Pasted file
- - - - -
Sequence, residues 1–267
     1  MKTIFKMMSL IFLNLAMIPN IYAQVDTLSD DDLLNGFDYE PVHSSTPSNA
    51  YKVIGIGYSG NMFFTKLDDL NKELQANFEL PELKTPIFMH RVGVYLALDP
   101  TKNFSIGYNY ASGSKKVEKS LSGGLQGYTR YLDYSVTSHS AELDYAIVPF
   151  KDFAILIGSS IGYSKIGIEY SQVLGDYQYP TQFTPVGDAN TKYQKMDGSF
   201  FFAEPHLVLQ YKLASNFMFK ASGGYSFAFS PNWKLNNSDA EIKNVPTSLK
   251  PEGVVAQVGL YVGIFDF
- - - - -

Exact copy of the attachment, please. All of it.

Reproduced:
Sequence, residues 1–267
     1  MKTIFKMMSL IFLNLAMIPN IYAQVDTLSD DDLLNGFDYE PVHSSTPSNA
    51  YKVIGIGYSG NMFFTKLDDL NKELQANFEL PELKTPIFMH RVGVYLALDP
   101  TKNFSIGYNY ASGSKKVEKS LSGGLQGYTR YLDYSVTSHS AELDYAIVPF
   151  KDFAILIGSS IGYSKIGIEY SQVLGDYQYP TQFTPVGDAN TKYQKMDGSF
   201  FFAEPHLVLQ YKLASNFMFK ASGGYSFAFS PNWKLNNSDA EIKNVPTSLK
   251  PEGVVAQVGL YVGIFDF